Over recent years race has become one of the most important issues faced by the police. This book seeks to analyse the context and background to these changes, to assess the impact of the Lawrence Inquiry and the MacPherson Report, and to trace the growing emphasis on policing as an 'antiracist' activity, proactively confronting racism in both crime and non-crime situations. Whilst this change has not been wholly or consistently applied, it does represent an important change in the discourse that surrounds police relations with the public since it changes the traditional role of the police as 'neutral arbiters of the law'. This book shows why race has become the most significant issue facing the British police, and argues that the police response to race has led to a consideration of fundamental issues about the relation of the police to society as a whole and not just minority groups who might be most directly affected.
Table of Contents
Introduction Part 1: Race and police culture, personnel and organisation 1. Recruitment, retention and promotion 2. Culture, training and organisation Part 2: Policing and the public 3. Stop and search 4. Responding to racist incidents 5. Accountability and complaints Part 3: Reconsidering the principles of policing 6. Policing diversity 7. The rise of antiracist policing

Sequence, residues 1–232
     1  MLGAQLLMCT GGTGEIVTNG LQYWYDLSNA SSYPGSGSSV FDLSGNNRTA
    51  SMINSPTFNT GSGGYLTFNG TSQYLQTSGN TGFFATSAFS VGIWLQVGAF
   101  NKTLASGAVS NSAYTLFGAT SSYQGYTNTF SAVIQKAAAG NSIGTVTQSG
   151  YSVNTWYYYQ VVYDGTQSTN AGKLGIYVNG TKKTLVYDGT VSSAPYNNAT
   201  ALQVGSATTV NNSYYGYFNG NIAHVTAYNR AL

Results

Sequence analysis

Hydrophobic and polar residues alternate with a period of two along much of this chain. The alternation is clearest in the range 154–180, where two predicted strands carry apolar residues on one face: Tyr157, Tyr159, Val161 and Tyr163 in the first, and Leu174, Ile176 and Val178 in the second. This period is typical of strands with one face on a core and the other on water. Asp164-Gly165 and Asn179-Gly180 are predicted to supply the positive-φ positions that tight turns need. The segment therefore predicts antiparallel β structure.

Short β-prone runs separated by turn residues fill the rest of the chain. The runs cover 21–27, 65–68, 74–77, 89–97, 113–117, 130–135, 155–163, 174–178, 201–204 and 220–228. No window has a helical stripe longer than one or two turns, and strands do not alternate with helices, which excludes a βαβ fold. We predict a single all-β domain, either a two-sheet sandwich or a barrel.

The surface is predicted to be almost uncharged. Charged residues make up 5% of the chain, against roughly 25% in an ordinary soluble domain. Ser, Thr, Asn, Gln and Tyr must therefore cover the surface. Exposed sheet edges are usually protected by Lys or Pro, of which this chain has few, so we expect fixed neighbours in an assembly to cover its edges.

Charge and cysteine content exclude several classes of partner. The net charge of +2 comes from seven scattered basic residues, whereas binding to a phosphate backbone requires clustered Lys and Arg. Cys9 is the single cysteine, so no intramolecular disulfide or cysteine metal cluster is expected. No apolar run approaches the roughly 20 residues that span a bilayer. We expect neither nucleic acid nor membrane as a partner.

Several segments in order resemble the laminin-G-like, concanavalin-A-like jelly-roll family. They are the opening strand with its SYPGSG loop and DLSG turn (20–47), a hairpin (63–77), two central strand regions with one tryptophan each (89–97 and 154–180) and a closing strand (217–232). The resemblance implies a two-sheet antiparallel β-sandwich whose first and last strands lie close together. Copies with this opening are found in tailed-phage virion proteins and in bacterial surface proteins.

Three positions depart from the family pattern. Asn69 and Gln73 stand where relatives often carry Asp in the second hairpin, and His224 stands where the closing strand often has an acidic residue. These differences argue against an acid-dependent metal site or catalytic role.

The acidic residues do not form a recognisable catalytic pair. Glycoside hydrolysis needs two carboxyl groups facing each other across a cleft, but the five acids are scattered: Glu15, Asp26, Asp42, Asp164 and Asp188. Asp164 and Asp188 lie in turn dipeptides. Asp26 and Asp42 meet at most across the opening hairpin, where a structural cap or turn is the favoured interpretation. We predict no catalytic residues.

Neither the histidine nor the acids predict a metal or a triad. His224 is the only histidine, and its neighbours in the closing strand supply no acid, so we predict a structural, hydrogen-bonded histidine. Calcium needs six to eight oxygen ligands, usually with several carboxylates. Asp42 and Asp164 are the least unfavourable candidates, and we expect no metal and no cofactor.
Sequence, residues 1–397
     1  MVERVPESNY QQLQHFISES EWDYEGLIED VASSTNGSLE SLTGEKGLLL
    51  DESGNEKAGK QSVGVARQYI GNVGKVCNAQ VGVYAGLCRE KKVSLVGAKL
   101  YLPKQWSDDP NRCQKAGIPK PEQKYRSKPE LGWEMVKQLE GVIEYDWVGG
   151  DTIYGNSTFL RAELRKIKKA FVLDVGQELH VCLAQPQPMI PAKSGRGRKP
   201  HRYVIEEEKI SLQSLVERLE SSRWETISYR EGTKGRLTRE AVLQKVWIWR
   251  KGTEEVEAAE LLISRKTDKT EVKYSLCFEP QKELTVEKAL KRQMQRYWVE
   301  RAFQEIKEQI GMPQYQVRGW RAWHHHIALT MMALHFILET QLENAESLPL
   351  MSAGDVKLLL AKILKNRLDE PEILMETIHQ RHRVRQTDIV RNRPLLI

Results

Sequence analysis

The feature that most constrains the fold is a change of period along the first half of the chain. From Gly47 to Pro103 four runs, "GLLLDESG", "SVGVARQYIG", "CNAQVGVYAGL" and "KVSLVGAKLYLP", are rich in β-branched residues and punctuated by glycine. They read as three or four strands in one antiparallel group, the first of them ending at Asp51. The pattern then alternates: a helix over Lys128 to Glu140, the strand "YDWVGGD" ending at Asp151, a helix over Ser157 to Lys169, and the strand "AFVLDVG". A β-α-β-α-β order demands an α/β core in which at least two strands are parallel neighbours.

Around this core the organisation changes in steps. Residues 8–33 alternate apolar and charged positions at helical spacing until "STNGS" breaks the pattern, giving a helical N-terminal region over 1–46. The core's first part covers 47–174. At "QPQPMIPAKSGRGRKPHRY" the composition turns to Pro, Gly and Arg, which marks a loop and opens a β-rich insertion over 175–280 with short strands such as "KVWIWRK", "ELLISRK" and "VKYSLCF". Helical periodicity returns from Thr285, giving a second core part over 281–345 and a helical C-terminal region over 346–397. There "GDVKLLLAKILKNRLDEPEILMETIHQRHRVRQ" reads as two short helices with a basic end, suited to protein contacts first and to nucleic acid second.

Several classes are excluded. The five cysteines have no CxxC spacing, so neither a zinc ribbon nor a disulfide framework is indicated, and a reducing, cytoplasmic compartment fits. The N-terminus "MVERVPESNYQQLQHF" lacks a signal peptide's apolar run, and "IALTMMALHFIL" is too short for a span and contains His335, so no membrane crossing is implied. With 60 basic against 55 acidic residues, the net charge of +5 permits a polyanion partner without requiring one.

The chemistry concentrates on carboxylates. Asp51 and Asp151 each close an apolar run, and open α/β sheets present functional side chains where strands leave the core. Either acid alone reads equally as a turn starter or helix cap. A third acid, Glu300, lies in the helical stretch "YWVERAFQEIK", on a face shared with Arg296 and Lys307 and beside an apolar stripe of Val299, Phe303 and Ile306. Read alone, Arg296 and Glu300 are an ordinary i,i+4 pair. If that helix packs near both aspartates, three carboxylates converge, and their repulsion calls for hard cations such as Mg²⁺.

Mike Rowe is Reader in Criminology at Northumbria University. Previously, he was Associate Professor at Victoria University, Wellington, New Zealand.
'This book would be a welcome addition to most law libraries and is an interesting and authoratative read. As Such, it should find itself onto the reading lists of a number of Criminal Justice and Human Rights Courses.' - Chris Asford, University of Sunderland